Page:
What to Do
It is never easy to make important decisions shortly after losing someone.
It is advisable (if available) to talk to the relevant professionals attending during the last illness on the procedure following the death. A Medical Practitioner (Doctor) will issue the Medical Certificate of Cause of Death (Form 11) after the death has happened but this varies as to where and when the death occurs.
We will guide you through all the stages concerned and inform you of the duties that you the bereaved have to cope with such as registering the death.
Death in Hospital
(of nautural causes)
The doctor will issue the death certificate after the death has taken place
and has been verified by nursing staff at the time of death.
There is sometimes a delay in issuing the certificate ie; weekend, evening or the doctor's shift pattern. It is advisable to contact the hospital by phone before leaving home to make sure that the certificate is ready for collection.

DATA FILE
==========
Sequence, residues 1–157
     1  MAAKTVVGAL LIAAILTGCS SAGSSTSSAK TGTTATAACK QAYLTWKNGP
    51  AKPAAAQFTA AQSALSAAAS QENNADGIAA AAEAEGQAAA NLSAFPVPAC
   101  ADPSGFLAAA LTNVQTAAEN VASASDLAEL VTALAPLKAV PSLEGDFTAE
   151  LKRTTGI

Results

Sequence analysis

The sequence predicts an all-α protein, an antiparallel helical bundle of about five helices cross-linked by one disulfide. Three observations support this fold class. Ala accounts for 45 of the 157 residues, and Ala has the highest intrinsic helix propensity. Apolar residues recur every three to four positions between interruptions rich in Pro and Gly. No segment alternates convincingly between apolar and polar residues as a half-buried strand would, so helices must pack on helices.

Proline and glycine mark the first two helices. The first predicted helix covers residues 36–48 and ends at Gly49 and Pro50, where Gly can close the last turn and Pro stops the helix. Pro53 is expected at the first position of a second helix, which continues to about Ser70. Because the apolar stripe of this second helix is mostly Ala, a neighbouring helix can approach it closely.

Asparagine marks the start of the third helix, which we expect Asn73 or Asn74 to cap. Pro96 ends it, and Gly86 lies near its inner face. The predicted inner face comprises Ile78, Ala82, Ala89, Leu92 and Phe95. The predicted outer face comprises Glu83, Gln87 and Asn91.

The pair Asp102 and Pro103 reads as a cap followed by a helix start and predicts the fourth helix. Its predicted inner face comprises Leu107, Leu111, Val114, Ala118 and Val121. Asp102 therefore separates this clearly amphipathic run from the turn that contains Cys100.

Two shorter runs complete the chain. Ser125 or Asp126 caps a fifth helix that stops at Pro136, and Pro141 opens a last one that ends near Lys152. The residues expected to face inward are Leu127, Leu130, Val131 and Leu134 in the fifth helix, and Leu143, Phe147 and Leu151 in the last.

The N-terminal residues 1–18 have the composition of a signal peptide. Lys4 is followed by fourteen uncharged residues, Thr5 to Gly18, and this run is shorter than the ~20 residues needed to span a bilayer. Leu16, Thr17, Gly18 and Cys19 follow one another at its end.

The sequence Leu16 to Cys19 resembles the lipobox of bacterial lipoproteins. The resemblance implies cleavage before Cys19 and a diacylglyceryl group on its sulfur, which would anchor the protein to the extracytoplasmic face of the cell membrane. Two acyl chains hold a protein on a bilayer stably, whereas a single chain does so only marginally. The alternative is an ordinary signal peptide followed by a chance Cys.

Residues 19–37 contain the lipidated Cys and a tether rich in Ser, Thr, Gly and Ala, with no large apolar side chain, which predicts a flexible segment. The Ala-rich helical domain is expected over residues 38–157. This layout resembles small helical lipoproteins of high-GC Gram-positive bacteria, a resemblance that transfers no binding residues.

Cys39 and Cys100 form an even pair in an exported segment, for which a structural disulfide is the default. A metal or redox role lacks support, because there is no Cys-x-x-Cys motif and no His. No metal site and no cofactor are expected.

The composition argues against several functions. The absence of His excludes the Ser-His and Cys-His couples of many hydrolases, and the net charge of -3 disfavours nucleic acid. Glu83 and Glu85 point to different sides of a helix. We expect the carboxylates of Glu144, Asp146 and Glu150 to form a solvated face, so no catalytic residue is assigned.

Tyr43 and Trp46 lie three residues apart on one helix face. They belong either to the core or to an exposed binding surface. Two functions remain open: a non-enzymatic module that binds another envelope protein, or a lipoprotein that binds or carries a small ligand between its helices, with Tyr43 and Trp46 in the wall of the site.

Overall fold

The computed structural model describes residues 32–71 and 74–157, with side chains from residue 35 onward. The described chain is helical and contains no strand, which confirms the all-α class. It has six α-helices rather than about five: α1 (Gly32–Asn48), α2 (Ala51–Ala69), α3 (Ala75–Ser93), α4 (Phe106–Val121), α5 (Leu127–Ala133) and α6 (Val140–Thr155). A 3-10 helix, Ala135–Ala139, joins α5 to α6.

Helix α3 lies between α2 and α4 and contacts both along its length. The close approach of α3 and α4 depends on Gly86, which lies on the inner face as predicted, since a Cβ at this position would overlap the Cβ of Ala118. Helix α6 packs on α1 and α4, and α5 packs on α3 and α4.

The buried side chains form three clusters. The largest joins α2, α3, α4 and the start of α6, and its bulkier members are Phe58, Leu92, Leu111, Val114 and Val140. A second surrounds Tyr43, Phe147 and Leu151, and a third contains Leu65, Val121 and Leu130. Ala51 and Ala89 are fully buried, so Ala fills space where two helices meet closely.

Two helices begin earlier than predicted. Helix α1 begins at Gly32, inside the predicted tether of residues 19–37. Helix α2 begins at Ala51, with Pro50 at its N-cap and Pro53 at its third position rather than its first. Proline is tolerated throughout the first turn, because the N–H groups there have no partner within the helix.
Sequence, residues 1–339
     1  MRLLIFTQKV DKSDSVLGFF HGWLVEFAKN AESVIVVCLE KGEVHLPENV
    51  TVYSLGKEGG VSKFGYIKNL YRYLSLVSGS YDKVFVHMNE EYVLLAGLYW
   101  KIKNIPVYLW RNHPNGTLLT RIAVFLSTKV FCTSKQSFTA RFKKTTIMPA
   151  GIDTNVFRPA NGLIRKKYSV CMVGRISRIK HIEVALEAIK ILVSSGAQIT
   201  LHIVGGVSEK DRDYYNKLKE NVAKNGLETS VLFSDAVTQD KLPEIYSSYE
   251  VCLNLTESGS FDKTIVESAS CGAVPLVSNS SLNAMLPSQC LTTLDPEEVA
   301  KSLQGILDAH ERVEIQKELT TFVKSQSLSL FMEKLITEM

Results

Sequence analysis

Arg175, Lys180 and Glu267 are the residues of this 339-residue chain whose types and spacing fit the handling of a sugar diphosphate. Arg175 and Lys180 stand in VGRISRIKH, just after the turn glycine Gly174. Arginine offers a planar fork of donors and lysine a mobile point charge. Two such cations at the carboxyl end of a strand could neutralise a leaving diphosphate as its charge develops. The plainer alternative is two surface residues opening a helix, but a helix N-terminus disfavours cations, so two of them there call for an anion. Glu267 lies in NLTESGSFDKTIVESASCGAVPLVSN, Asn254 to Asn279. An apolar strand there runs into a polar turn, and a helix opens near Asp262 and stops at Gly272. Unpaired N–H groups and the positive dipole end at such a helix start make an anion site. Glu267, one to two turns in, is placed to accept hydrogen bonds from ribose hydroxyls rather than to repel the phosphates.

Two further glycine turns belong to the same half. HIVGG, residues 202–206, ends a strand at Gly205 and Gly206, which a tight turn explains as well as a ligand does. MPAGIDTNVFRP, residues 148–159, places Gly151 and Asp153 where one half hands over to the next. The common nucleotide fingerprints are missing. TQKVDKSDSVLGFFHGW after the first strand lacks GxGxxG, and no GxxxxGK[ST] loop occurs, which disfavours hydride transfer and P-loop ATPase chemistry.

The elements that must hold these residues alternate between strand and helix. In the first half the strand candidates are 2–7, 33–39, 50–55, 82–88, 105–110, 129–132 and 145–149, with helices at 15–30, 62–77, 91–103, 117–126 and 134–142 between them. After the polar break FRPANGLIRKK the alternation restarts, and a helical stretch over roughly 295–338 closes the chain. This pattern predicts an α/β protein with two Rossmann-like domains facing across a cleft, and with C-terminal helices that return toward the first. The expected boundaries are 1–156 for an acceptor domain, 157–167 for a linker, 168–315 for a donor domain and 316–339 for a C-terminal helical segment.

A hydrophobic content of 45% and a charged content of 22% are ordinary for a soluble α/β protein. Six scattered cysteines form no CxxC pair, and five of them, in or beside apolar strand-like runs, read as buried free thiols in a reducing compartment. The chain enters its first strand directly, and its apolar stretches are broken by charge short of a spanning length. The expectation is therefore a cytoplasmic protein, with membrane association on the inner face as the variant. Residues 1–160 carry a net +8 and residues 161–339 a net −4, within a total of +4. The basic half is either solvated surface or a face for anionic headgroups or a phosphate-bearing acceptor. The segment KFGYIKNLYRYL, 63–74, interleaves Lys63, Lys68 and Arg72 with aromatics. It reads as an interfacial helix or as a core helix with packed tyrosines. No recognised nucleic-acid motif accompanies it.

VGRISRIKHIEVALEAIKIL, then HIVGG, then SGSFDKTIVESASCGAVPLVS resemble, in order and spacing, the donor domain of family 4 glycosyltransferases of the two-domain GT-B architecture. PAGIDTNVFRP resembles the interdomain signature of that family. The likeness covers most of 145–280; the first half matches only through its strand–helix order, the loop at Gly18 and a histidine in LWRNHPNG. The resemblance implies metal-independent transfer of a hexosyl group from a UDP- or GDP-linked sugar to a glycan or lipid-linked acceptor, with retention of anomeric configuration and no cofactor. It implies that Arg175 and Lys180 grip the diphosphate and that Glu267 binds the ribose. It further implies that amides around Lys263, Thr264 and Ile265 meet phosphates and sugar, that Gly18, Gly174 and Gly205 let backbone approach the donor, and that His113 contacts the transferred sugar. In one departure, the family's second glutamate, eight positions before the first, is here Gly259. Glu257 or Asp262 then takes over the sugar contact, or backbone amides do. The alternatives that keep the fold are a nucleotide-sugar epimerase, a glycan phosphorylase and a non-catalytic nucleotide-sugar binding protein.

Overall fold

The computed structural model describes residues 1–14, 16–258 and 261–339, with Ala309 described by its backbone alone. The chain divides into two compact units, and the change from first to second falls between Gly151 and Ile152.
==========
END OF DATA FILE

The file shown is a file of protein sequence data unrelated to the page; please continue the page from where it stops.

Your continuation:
Death at Home or Care Home
(of natural causes)
If the death was expected and was being treated by the doctor and district nurse, the nurse will have to be present at or after death to verify that the death took place. Following this verification, the funeral director can be contacted to attend to bring the deceased in to our care.
* Please give yourself time to come to terms with the loss and to allow close family to attend the bedside before the funeral director arrives -
This private time can be very beneficial*.
Sudden or unexpected death
If the deceased was not seen by his own doctor or consultant recently, or hasn't had a condition relating to his death, you must phone either the deceased's doctor, hospital doctors or the police. After speaking with the family, the Police will issue a report to the Procurator Fiscal.
On the Procurator Fiscal reading the contents contained, he/she will decide on whether the deceased's local doctor can issue the death certificate or otherwise order a postmortem examination to find out the conclusive cause of death. If a postmortem is being held, only after the postmortem has be concluded by the Pathologist will the death certificate be issued by the same Pathologist.
Time must be allowed for this procedure - It is not uncommon for serious delays owing to Pathologists at court or sheer heavy workload at that time.